Friday, May 23, 2008

the importance of not wearing makeup for two days

the past two nights i slept over at one of my most favorite people in the world
i walk in her small harlem flat and if i had my eyes clothes, i would still know exactly where i was
the smell of eucalyptus greets you at the door and the space feels free, open, bright
if i were blind i would know i was in a very special place and not just any place but her place
she hangs bright sheets and various pictures from around the world and photos of her family and some of me and a trapeze artist hangs in the middle of the room.
a powerful photo of her as a child in a moment of what looks like defeat or maybe frustration or defeat hangs high but nothing hangs as high as the tapestry that reads "listen"
and she's right, the crappy frame she has it in does take away from the freedom of its speech
she puts on her music and it feels like her
sensual, funny, unpredictable and i feel somewhat envious of this world, this complete reflection of her presence.
i am struck by the picture of her as a child.
i want a picture of me in a moment like that and i would also hang it high in my room to remind me that failure is something we need. it is part of what makes us whole. what makes us brilliant.
we drink wine, eat pasta, we talk until one of us falls asleep or back asleep.
in the morning she lends me anything i need. underwear, toothbrush, her prized fancy boots.
but she does not have mascara. i am forced to go without make up for two days. throughout the days i catch glimpses of myself in the mirror, nut i realize that i pay attention to my little flaws less and less because i feel a certain sort of pride in showing my face to the world-raw, uninhibited, uncovered. i look younger. i feel a small sense of a cleansing effect
and i am reminded of one of the major reasons i came back to this magical place.
there is no one in the world like her and i am a better person after having been in her presence.

Friday, May 16, 2008

friday night

on second thought.

Wednesday, May 14, 2008


a photograph is taken of a small eighth grade class and is hung a few weeks before they part into the saber tooth jaws of high school
there are three girls that stick out - literally.
They stick out their chests.
They tightly cross their legs.
They tilt their head down and give their best shot at looking coy.
They make me sad.
One comes down and is delighted by herself. She smiles and for a second she looks like she should- a child with a glow, probably the same one she had as baby.
The rest of the girls come down and one girl shrieks in terror in what she thinks is a bigger deal in the long run of her life than it really is.
Others wait till the first girl speaks before relinquishing their thoughts.
"I look soooo old. I look like I'm 20 years old."
She looks thirteen. And I think to myself why 20? What a peculiar age. Has someone told her that? Why not 16 or 18? When I was 13 I remember thinking 18 was the oldest and coolest I could get.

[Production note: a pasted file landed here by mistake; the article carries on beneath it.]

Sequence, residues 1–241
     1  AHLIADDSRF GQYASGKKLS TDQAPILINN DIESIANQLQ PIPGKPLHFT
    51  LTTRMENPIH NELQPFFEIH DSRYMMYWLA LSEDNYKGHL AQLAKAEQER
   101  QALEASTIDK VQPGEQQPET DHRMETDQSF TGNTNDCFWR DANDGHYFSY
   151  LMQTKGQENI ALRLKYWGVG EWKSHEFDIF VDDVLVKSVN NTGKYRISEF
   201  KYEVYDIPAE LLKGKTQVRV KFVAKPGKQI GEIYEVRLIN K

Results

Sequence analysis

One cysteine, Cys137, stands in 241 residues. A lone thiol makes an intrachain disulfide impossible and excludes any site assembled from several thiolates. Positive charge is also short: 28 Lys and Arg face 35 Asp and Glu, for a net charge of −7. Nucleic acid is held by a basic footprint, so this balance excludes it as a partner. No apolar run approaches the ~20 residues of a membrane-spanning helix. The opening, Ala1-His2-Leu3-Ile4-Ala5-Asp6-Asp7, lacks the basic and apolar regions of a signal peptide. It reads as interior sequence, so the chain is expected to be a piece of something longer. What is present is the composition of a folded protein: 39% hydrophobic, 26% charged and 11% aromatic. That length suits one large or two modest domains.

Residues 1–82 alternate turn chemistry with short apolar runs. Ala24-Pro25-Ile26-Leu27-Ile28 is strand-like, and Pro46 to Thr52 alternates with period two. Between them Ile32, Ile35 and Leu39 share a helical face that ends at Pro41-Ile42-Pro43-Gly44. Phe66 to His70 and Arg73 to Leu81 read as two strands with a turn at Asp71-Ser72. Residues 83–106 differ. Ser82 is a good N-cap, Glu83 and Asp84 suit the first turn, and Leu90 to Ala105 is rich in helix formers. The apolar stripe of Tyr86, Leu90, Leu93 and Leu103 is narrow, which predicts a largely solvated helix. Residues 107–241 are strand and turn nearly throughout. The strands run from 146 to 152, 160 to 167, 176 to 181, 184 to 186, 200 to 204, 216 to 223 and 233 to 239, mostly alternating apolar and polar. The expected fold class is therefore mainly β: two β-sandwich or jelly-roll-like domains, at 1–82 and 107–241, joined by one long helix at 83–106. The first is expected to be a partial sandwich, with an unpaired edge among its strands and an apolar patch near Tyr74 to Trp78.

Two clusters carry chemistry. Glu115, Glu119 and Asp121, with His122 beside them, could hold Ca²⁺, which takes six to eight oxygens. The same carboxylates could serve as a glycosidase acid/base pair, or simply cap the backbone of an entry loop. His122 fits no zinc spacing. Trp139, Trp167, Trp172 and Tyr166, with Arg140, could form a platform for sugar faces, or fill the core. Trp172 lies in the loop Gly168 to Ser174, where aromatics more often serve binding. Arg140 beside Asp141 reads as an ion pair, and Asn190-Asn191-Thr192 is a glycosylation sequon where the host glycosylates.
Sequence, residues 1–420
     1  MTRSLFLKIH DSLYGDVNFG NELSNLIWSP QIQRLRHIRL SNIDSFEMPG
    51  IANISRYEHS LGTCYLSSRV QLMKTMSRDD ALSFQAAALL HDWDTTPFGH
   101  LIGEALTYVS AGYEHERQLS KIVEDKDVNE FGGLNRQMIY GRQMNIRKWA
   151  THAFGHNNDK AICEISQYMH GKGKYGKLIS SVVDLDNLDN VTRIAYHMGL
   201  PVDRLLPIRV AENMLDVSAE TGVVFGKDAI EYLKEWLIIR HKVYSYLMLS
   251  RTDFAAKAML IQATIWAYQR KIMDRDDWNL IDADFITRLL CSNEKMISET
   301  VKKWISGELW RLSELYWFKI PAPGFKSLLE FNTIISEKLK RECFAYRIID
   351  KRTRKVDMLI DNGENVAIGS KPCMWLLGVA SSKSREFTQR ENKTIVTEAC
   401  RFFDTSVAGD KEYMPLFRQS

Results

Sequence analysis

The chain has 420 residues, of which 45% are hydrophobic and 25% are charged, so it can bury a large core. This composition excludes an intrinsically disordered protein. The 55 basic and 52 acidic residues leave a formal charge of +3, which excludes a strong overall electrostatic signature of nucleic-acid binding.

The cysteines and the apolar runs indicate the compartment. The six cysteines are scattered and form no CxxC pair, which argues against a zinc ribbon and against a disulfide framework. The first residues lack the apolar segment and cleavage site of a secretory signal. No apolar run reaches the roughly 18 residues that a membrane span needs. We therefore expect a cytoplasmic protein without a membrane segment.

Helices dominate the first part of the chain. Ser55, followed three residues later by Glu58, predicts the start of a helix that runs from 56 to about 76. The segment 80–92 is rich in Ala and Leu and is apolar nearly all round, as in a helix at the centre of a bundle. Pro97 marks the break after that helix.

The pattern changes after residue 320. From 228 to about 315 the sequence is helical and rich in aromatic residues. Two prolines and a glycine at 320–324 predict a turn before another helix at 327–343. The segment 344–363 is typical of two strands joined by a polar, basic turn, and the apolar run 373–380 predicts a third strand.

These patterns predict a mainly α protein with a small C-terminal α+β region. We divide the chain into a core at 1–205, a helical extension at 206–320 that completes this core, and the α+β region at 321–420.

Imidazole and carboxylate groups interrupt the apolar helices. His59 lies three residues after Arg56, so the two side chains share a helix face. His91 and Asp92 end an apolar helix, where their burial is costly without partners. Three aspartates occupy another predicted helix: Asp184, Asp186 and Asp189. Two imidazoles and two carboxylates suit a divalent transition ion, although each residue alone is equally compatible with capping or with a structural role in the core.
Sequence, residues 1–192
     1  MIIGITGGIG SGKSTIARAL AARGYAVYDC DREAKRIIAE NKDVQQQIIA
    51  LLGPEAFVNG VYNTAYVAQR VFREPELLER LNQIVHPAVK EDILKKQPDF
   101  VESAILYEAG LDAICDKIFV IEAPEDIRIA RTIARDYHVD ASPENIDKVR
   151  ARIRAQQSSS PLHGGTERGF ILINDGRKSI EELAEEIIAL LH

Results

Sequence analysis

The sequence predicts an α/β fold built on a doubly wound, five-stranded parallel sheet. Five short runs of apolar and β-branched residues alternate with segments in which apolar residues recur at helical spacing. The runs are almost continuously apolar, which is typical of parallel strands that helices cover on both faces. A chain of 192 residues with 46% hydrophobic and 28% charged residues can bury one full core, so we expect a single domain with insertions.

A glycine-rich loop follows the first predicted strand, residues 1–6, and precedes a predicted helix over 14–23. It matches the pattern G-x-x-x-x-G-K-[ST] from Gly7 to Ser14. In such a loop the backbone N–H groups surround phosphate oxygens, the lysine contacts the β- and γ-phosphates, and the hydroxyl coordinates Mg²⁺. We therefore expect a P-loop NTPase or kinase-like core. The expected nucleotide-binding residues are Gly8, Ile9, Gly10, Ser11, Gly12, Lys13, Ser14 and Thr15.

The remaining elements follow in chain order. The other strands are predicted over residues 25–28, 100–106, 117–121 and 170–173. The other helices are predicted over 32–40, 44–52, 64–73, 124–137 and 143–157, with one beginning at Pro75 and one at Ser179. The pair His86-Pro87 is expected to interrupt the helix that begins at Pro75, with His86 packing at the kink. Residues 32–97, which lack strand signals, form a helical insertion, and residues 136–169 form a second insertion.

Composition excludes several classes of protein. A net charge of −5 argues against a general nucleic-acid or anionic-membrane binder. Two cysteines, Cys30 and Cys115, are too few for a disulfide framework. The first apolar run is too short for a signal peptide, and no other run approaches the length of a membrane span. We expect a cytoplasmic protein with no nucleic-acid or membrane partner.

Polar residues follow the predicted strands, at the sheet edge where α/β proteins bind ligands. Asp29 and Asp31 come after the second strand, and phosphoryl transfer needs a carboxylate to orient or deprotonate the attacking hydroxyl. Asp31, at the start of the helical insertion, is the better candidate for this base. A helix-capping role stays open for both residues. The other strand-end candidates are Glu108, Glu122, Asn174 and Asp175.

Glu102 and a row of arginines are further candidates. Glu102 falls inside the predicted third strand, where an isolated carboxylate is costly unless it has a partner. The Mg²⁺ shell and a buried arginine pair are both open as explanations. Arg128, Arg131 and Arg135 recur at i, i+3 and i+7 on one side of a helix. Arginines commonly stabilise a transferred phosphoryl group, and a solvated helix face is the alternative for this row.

"At least we don't look flat-chested."
"Well some people do...but not us."
"Look at my knee cap." She is wearing jeans in the picture. I don't know what was special about the knee cap.
Others join and the cacophony of shrieks and laughs and commentary rises to a piercing level that caps off into a sea of voices- none particularly distinct from the other.
I wait for the right moment, the right lull, to ask them to quiet down but instead I let them have this moment without interruption.
I wish I could say something that would make a difference in the conversation I just heard.
"Your twenties suck. Don't rush into them."
"Focusing on outer beauty is...bullshit."
"Get smart. Go to college...please."
Instead, I let it go. Maybe tomorrow or perhaps a day where my voice will mean something to these thirteen year old girls.

Friday, May 9, 2008

may flowers

it is may and it is raining
it is may and i have a chest infection
it is may and my right shoulder is peeling
it is may and my acne does not care
it is may and green and blooming
it is may and it is 55 degrees
it is may and i have a contract sitting on my desk
it is may and i have a shitload of work
it is may and i miss my dad
it is may and i am still falling so much in love
it is may and i hold him tight
it is may and the only thing that really matters is that i can do that
it is may and i don't know how i feel about the humid summer approaching
it is may and i like new jersey
it is may and for now, i am okay.

Thursday, May 8, 2008

there's a ribbon in the sky

the ladies begin their harmony, too quiet at first.
but as the sky opens up so do their voices
kind of like a deflowering of the soul
the men harmonize bringing a much needed bass to the angelic choir
and we are making music, we are music.
it begins to rain, hard and fast, like a purging of fears, doubts, and sorrows
for this moment, this crowd is one, brought together by a love that words were not made for.
the keys jam on and the genius behind them takes the cacophony of voices, rain and music and guides it to a place where no one here will ever forget this moment.
he has created a memory that thousands of people will talk about for years and with that he has made the world that much better, that much more whole, that much more loving.
at the end of the show, a festival organizer comes out and preaches to the angels,
"you have just been baptized by stevie wonder." and while that sentence is beautiful, it seems to me that this is one particular case where words were not needed.